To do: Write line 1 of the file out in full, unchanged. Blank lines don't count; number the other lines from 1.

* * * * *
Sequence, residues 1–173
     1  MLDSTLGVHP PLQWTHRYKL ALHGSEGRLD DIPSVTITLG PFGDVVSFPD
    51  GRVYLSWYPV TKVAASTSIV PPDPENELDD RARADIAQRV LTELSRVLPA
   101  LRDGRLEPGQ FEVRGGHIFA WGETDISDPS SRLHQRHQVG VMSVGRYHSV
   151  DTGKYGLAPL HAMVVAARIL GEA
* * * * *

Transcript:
Sequence, residues 1–173